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Ten Things I Wish I had Known About Writing a Book

Well hello there. Long time no see! If you are a writer, then hey! Writing buddies! Good to see you! Metaphorically speaking, of course. If you aren't a writer, still hey! Thanks for coming! Today, I wanted to share some writing tips with you that hopefully, make writing your book a little more effortless.

1) Write the book you want to read. If you don’t want to read your own book….most likely, other people won’t. And I’ll be honest, there was a time where I didn’t want to read my own book! (Granted, after writing it for so long, you kind of need a breather.) But ultimately, if you wouldn’t read your book – at all – probably not the book you want to write!

2) Have fun writing. Writing is fun. It really is. Like lots of fun! (And yes, I’m an English major…ignore those not so awesome sentences). But if you are not enjoying your own writing…then change it. There are some points – again – where writing feels ugh and tedious… then you probably need a break. I believe that the best writing flows. You have no idea how many of my favorite parts of whatever I’m writing come whenever I’m just chilling and enjoying the process of writing.

3) Rewriting is good. Really good. Do you want to know how many drafts I’ve had of Undaunted? Let’s go back to eight years ago, where the first draft included such characters as John, Alexis, and Tyler (not the one in the book. A different one). Who are these people, you ask? Characters who aren’t in the final product. Because rewriting changes everything. Often, if I would get stuck with what I was writing, I would feel the need to rewrite. So often, rewriting a story comes out better! (And the total number of drafts of Undaunted is probably around four. Maybe five).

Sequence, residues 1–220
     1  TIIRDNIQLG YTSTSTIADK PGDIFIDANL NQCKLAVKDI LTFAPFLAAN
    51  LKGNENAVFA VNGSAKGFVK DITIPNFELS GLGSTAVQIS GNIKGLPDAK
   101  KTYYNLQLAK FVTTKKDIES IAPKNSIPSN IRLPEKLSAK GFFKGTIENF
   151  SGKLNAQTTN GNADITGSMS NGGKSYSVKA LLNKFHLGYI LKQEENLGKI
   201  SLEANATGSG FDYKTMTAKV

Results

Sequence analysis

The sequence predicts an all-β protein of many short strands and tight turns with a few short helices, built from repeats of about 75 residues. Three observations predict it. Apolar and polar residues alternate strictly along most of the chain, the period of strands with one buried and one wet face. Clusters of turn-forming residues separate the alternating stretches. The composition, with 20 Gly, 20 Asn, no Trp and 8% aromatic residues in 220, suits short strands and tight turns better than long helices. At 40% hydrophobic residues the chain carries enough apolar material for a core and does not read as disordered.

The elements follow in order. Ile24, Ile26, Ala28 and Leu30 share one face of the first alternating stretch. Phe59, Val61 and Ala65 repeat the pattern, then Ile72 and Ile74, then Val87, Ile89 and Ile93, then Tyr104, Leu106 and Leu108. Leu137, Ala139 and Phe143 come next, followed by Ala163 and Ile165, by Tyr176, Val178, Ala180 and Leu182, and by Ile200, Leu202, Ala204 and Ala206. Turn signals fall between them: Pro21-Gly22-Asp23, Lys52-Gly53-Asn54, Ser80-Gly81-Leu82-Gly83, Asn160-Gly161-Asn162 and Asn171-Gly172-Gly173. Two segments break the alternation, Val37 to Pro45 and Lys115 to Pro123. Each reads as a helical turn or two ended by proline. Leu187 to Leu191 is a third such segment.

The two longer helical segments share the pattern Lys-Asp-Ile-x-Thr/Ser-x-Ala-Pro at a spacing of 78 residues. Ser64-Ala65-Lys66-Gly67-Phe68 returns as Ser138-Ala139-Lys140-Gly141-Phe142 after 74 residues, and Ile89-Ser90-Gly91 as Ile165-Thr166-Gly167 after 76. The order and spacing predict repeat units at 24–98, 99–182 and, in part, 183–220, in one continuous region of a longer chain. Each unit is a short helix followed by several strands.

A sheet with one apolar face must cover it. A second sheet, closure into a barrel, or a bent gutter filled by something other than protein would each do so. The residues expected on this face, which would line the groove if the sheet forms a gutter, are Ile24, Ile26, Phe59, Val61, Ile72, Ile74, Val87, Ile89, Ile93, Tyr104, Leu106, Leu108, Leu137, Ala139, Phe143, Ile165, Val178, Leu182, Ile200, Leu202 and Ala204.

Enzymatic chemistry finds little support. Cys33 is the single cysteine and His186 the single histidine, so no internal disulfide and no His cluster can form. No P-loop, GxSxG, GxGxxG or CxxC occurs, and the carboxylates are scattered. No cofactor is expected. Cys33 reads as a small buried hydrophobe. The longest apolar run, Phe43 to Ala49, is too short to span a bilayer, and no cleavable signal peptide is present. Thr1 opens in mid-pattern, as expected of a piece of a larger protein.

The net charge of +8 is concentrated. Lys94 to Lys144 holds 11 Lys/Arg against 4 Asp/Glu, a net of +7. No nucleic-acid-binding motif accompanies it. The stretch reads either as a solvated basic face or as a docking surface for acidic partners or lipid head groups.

4) Keep notes. Ugh, notes? Like in school? Not exactly. But keep notes of your writing. If you have this cool scene you think you might use…then write it and set it aside. I had a whole file labeled Undaunted Notes – scenes I didn’t know where to place or if they were needed. Keep your notes! You never know when you might need a scene!

5) Dialogue is real important (again, ignore the English). But dialogue – good dialogue – is important. And do you know the best way to write good dialogue? Keep writing dialogue. Just keep writing. Want to hear some dialogue I used to write?

“You locked the door!”

“I told you Mark, the door locks all by itself! I can’t control the door!”

“Well, can you at least fix it?” John let out a really fake yawn.

“You know, I’m just so tired, you’re gonna have to wait until morning, can you wait?”


“You have someplace to go?”

“Yeah, I need to get AWAY from here! ALONE!”

Yikes. Not the greatest conversation in many ways. And don’t worry – this was a completely scraped story that never came to fruition (there’s that English degree coming in). But this was when I was…well…young. I improved as I just kept writing!

And I will give you the rest of the tips tomorrow – because this was a lot of reading and I’m super impressed you read the whole thing. If you didn’t, no worries! No matter what, you are always deeply loved.


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